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J Infect Dis. 2009 Jan 1;199(1):7-13. doi: 10.1086/595567.

Associations between male anogenital human papillomavirus infection and circumcision by anatomic site sampled and lifetime number of female sex partners.

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  • 1Oregon Health and Science University, Portland, USA.



Male circumcision may lower men's risk of human papillomavirus (HPV) infection and reduce transmission to sex partners. Reported associations between circumcision and HPV infection in men have been inconsistent.


Four hundred sixty-three men in 2 US cities were tested at 6 anogenital sites and in semen for 37 types of HPV. Men were eligible if they reported sex with a woman within the past year, no history of genital warts or penile or anal cancer, and no current diagnosis of a sexually transmitted infection. Participants completed a self-administered questionnaire. Circumcision status was assessed by the study clinician. Logistic regression was used to examine associations between circumcision and HPV detection at each site and in semen, with adjustment for potential confounders.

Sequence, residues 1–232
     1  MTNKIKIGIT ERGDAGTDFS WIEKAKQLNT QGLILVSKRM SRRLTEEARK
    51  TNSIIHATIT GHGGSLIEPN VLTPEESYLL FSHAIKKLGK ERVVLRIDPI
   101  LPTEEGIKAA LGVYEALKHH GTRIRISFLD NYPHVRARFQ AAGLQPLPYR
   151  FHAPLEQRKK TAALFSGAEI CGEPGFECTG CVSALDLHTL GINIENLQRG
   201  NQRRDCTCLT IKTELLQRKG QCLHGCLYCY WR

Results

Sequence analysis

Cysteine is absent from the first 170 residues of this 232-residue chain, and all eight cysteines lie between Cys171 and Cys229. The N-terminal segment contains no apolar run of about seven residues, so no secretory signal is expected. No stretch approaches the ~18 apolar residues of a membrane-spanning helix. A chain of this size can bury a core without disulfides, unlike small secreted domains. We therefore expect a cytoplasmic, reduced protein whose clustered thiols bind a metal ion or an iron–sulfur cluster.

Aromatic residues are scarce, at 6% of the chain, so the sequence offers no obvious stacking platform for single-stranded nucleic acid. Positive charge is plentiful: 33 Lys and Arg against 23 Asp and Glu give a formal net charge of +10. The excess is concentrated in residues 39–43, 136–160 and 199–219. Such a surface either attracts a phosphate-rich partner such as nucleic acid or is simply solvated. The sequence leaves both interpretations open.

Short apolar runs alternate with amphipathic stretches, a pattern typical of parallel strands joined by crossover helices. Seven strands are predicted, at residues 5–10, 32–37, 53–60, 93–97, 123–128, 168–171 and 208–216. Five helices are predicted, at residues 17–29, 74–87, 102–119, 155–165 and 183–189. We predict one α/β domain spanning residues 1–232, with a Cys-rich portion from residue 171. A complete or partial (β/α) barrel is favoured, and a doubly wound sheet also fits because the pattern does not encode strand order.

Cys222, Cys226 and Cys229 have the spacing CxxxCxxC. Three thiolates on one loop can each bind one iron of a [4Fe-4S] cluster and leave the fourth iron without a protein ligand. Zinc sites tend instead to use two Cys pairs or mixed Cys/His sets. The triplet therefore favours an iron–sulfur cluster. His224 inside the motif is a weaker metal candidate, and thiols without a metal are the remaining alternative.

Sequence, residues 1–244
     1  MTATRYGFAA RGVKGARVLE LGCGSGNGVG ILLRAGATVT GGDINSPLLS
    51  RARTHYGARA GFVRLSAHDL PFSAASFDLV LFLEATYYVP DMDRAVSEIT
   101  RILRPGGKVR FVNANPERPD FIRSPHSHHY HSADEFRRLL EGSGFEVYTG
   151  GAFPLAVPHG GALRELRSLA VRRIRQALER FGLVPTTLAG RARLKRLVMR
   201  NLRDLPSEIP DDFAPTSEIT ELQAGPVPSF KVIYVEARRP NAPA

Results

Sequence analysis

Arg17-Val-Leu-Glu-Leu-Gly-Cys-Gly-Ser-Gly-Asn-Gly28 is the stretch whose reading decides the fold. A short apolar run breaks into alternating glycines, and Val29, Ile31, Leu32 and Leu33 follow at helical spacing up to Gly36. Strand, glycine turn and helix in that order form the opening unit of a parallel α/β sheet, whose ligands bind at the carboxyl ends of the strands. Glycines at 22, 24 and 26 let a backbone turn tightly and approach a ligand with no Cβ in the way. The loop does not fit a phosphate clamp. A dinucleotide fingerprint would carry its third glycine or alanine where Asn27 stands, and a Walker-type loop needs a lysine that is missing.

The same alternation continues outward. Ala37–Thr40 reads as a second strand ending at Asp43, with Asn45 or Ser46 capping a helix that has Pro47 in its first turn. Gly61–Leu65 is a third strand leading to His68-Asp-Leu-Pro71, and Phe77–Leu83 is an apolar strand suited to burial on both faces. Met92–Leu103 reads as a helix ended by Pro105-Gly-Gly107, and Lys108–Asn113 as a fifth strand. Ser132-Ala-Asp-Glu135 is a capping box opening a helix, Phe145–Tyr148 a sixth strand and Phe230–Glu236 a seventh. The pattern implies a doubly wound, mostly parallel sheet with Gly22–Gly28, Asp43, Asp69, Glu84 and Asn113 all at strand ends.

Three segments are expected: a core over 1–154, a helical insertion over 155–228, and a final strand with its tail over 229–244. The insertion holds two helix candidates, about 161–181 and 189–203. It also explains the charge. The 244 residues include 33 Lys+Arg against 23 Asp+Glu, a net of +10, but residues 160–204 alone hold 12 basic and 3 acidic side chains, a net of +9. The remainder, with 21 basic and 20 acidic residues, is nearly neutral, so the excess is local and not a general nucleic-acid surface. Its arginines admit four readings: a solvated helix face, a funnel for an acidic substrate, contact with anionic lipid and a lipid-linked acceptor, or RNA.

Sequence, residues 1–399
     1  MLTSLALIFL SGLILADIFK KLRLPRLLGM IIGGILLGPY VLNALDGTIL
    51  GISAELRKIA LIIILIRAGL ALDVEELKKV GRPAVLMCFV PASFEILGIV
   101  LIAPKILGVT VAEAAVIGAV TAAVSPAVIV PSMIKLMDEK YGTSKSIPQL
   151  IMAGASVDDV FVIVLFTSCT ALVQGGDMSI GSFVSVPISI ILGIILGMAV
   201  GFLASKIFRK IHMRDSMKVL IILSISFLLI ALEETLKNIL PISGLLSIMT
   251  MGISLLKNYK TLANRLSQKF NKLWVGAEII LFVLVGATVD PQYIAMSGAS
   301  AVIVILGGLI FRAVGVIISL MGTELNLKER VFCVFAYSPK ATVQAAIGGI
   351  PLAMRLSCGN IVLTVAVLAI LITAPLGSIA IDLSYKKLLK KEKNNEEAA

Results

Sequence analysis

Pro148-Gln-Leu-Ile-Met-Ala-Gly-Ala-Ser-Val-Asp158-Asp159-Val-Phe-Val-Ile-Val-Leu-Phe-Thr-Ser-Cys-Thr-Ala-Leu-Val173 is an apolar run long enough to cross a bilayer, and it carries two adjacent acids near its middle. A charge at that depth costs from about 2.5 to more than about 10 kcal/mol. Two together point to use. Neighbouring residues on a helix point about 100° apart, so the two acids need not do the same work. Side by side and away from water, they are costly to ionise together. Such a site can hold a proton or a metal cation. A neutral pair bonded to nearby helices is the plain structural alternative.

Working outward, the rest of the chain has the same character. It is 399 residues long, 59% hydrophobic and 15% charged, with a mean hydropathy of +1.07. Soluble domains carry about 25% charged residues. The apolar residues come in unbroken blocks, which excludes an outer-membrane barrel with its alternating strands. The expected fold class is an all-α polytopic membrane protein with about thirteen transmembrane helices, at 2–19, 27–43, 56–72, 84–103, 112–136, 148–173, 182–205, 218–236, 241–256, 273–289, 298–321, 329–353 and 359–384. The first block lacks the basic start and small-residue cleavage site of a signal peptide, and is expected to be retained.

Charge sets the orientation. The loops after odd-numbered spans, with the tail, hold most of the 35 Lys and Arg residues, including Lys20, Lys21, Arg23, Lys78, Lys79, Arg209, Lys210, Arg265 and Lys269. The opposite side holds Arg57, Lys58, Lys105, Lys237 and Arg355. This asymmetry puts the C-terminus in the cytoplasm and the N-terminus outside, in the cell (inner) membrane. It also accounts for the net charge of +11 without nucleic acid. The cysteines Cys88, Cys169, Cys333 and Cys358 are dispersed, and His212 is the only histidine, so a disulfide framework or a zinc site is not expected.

Seventy-four men (16.0%) were uncircumcised. Adjusted odds ratios (AORs) for any HPV genotype and circumcision were 0.53 (95% confidence interval [CI], 0.28-0.99) for any anatomic site/specimen, 0.17 (95% CI, 0.05-0.56) for the urethra, 0.44 (95% CI, 0.23-0.82) for the glans/corona, and 0.53 (95% CI, 0.28-0.99) for the penile shaft. AORs were <1.0 but not statistically significant for the scrotum, semen, anal canal, and perianal area.


Circumcision may be protective against HPV infection of the urethra, glans/corona, and penile shaft.

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